The result shows that the image contains components of all frequencies, but that their magnitude gets smaller for higher frequencies. Hence, low frequencies contain more image information than the higher ones. The transform image also tells us that there are two dominating directions in the Fourier image, one passing vertically and one horizontally through the center. These originate from the regular patterns in the background of the original image.

The phase of the Fourier transform of the same image is shown in

The value of each point determines the phase of the corresponding frequency. As in the magnitude image, we can identify the vertical and horizontal lines corresponding to the patterns in the original image. The phase image does not yield much new information about the structure of the spatial domain image; therefore, in the following examples, we will restrict ourselves to displaying only the magnitude of the Fourier Transform.

Before we leave the phase image entirely, however, note that if we apply the inverse Fourier Transform to the above magnitude image while ignoring the phase (and then histogram equalize the output) we obtain

Although this image contains the same frequencies (and amount of frequencies) as the original input image, it is corrupted beyond recognition. This shows that the phase information is crucial to reconstruct the correct image in the spatial domain.

We will now experiment with some simple images to better understand the nature of the transform. The response of the Fourier Transform to periodic patterns in the spatial domain images can be seen very easily in the following artificial images.

The image

shows 2 pixel wide vertical stripes. The magnitude of the Fourier transform of this image is shown in

If we look carefully, we can see that it contains 3 main values: the DC-value and, since the Fourier image is symmetrical to its center, two points corresponding to the frequency of the stripes in the original image. Note that the two points lie on a horizontal line through the image center, because the image intensity in the spatial domain changes the most if we go along it horizontally.

The distance of the points to the center can be explained as follows: the maximum frequency which can be represented in the spatial domain are two pixel wide stripe pairs (one white, one black).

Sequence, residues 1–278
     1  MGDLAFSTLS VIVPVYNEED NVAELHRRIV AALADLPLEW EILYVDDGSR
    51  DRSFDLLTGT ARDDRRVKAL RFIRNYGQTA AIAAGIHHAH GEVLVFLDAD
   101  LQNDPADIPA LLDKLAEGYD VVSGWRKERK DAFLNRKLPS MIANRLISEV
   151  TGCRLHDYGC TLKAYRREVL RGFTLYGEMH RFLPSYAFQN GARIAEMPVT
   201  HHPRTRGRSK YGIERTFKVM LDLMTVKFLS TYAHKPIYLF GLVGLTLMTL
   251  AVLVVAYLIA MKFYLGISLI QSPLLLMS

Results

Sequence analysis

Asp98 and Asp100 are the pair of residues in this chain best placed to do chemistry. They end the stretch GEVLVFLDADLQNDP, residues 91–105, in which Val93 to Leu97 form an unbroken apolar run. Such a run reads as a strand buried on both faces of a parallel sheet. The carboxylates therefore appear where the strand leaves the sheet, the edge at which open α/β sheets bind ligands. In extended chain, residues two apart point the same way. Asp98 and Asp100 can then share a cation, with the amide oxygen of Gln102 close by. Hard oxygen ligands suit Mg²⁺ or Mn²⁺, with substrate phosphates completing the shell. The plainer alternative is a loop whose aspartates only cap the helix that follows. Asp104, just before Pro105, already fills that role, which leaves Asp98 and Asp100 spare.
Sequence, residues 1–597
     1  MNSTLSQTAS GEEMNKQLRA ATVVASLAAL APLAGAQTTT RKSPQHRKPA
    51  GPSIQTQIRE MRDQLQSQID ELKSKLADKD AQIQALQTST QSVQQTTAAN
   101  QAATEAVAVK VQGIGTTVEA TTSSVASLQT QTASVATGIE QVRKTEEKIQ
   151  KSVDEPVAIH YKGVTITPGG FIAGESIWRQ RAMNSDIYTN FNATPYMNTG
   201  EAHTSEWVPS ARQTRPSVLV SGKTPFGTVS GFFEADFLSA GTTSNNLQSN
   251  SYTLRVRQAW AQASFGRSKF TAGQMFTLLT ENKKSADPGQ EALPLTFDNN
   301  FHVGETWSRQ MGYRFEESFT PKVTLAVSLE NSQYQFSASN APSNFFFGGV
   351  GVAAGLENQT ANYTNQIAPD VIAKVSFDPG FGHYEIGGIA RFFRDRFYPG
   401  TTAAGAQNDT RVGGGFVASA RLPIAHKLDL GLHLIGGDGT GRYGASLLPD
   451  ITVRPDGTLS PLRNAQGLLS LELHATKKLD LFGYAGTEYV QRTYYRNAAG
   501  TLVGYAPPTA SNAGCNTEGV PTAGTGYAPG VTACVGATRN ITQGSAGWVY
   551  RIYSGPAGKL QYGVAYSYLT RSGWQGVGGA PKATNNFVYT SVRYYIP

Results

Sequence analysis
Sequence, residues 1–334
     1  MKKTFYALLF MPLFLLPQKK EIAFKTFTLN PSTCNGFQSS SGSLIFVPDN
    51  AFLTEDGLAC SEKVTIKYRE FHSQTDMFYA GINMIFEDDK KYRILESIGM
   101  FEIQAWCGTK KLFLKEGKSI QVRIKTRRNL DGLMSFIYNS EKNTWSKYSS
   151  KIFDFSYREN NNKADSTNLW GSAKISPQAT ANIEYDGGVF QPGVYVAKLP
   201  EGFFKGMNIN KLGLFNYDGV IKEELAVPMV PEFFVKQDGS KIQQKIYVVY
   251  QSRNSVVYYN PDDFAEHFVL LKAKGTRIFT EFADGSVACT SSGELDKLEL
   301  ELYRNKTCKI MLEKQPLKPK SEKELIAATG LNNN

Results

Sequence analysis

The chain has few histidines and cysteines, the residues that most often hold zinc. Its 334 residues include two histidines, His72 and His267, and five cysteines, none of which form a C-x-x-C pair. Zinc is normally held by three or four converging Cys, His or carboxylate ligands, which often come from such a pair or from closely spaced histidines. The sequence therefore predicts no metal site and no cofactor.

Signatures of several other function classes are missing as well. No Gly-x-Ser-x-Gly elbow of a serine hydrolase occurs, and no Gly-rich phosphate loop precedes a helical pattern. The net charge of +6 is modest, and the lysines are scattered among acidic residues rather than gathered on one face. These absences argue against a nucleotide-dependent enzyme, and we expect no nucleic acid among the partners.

Hence, the two pixel wide stripes in the above image represent

Thus, the points in the Fourier image are halfway between the center and the edge of the image,

Further investigation of the Fourier image shows that the magnitude of
other frequencies in the image is less than
of the DC-value, *i.e.* they don't make
any significant contribution to the image. The magnitudes of the two
minor points are each two-thirds of the DC-value.

Similar effects as in the above example can be seen when applying the Fourier Transform to

which consists of diagonal stripes. In

showing the magnitude of the Fourier Transform, we can see that, again, the main components of the transformed image are the DC-value and the two points corresponding to the frequency of the stripes. However, the logarithmic transform of the Fourier Transform,

shows that now the image contains many minor frequencies. The main reason is that a diagonal can only be approximated by the square pixels of the image, hence, additional frequencies are needed to compose the image. The logarithmic scaling makes it difficult to tell the influence of single frequencies in the original image. To find the most important frequencies we threshold the original Fourier magnitude image at level 13. The resulting Fourier image,

shows all
frequencies whose magnitude is at least 5% of the main peak. Compared
to the original Fourier image, several more points appear. They are
all on the same diagonal as the three main components, *i.e.* they all
originate from the periodic stripes. The represented frequencies are
all multiples of the basic frequency of the stripes in the spatial domain
image. This is because a rectangular signal, like the stripes, with
the frequency is a composition of sine waves
with the frequencies ,
known as the harmonics of . All other
frequencies disappeared from the Fourier image, *i.e.* the magnitude of
each of them is less than 5% of the DC-value.

A Fourier-Transformed
image can be used for frequency filtering.
A simple example is illustrated with the above image. If we multiply
the (complex) Fourier image obtained above with an image containing a
circle (of *r* = *32* pixels), we can set all frequencies larger than
to zero as shown in the logarithmic
transformed image

By applying the inverse Fourier Transform we obtain